Key Facts and Geographic Location ............................................................................................................................13

Key facts ........................................................................................................................................................................ 13

Geographic location ...................................................................................................................................................... 14

PESTLE Analysis .........................................................................................................................................................15

Summary ....................................................................................................................................................................... 15

Political analysis ............................................................................................................................................................ 16


Overview .................................................................................................................................................................... 16
Current strengths ...................................................................................................................................................... 16
Current challenges ..................................................................................................................................................... 17
Future prospects........................................................................................................................................................ 17
Future risks ................................................................................................................................................................ 18

Economic analysis ......................................................................................................................................................... 19


Overview .................................................................................................................................................................... 19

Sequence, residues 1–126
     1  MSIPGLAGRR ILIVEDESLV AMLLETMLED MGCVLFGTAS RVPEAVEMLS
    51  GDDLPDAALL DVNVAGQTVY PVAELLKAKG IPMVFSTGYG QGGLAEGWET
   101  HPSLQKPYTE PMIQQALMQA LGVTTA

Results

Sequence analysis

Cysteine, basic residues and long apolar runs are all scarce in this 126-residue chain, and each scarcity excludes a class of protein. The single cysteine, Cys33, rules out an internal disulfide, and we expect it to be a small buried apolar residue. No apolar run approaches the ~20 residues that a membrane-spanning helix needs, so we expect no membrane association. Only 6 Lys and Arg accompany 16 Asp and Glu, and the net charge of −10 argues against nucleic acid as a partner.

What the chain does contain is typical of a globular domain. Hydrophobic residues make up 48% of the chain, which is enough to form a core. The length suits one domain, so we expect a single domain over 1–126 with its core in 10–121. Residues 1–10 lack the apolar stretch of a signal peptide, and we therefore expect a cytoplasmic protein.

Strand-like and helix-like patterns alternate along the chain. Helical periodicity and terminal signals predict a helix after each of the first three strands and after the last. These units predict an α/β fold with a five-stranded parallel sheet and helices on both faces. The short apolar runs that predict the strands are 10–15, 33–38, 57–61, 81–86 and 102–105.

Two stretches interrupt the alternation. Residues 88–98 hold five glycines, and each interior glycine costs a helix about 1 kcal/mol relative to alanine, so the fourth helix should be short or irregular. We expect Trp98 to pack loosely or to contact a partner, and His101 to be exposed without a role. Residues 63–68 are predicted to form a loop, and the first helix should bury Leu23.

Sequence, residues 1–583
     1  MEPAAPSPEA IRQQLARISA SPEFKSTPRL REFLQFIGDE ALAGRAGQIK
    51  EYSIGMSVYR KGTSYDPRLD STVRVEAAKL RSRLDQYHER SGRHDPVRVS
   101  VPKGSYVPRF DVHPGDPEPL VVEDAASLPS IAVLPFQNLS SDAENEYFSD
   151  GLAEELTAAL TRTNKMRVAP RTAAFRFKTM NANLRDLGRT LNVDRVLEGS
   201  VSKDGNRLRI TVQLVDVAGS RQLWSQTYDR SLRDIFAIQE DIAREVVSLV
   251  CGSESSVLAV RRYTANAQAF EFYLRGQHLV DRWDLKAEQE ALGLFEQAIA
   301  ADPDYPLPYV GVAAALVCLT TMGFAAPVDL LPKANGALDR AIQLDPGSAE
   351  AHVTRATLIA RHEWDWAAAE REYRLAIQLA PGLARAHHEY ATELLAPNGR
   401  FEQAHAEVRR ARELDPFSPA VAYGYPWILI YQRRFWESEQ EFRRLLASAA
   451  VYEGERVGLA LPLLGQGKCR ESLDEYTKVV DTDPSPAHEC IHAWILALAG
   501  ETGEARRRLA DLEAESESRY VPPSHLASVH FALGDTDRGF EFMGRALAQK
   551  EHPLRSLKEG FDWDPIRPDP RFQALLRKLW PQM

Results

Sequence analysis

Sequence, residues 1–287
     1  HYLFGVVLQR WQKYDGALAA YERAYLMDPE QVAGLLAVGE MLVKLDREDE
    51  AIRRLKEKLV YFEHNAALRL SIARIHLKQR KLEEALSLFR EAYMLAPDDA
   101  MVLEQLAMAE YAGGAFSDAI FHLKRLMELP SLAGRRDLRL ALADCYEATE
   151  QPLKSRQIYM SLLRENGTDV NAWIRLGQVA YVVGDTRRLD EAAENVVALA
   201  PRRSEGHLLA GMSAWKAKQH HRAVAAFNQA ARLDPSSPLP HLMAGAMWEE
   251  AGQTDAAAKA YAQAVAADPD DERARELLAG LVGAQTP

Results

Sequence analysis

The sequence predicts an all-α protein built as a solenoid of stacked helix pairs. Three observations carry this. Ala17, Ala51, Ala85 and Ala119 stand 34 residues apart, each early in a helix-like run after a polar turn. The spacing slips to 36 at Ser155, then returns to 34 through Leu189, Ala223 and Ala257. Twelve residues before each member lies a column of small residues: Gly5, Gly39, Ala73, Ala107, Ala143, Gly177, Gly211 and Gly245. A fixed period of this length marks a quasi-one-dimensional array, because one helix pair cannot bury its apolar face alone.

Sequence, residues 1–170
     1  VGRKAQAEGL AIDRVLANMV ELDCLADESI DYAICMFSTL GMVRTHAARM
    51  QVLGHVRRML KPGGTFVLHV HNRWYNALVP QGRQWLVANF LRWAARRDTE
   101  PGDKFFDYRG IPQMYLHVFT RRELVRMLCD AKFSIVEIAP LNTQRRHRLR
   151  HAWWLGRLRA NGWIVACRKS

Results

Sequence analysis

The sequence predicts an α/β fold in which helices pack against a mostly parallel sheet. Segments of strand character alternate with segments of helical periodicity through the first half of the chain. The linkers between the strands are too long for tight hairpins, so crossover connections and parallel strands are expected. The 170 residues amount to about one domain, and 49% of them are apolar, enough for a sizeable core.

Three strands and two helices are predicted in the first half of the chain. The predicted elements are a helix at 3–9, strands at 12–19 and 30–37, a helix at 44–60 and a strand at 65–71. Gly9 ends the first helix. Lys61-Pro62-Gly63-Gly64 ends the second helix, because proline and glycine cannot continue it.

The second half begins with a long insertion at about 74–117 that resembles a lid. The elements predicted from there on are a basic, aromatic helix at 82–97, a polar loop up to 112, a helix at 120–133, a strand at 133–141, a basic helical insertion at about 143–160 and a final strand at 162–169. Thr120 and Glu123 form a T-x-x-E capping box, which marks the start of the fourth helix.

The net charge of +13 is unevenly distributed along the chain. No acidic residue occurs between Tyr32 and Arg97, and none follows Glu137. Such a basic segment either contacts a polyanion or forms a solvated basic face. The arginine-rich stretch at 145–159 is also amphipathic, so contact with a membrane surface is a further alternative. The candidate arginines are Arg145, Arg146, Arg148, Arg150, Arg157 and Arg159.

Current strengths ...................................................................................................................................................... 19
Current challenges ..................................................................................................................................................... 23
Future prospects........................................................................................................................................................ 24
Future risks ................................................................................................................................................................ 25

Social analysis ............................................................................................................................................................... 28


Overview .................................................................................................................................................................... 28
Current strengths ...................................................................................................................................................... 28
Current challenges ..................................................................................................................................................... 31
Future prospects........................................................................................................................................................ 32
Future risks ................................................................................................................................................................ 32

Technological analysis ................................................................................................................................................... 34


Overview .................................................................................................................................................................... 34
Current strengths ...................................................................................................................................................... 34
Current challenges ..................................................................................................................................................... 34